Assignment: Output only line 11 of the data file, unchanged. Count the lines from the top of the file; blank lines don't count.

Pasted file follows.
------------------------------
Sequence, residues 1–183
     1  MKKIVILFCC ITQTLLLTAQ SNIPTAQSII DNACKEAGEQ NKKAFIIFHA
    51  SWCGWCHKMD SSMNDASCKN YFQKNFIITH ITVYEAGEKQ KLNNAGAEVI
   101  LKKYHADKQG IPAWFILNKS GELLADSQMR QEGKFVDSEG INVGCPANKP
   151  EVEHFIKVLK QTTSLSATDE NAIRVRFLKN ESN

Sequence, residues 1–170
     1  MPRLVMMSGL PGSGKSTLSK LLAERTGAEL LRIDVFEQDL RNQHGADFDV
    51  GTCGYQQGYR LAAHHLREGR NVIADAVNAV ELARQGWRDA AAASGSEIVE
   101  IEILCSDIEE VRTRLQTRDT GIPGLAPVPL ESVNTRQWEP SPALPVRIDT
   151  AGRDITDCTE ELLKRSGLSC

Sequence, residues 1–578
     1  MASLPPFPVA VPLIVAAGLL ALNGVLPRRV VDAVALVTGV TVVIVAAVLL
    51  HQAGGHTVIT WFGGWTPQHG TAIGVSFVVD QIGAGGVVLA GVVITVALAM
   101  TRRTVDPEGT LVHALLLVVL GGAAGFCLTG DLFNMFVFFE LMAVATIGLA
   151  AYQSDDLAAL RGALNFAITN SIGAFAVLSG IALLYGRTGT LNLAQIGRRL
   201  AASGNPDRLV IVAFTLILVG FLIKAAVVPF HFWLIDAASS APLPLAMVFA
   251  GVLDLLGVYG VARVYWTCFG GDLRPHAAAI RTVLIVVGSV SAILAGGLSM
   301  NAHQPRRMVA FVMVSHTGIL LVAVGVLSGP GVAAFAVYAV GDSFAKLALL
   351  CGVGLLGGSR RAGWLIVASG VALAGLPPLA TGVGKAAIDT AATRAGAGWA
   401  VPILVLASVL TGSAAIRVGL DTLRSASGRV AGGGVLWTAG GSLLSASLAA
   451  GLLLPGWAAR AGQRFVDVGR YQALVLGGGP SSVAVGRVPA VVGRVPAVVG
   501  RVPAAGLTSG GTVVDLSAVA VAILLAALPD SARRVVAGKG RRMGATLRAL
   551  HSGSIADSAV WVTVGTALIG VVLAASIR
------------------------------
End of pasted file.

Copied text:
Sequence, residues 1–578